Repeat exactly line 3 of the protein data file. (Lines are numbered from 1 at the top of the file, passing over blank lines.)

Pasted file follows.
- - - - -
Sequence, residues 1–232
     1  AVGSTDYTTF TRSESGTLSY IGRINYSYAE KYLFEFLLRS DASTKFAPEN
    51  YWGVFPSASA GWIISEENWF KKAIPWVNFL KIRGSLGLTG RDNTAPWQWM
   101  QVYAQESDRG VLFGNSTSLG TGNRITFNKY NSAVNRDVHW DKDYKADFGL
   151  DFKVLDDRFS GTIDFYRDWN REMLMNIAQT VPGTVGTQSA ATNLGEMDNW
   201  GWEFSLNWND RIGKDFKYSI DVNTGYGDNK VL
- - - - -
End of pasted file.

    51  YWGVFPSASA GWIISEENWF KKAIPWVNFL KIRGSLGLTG RDNTAPWQWM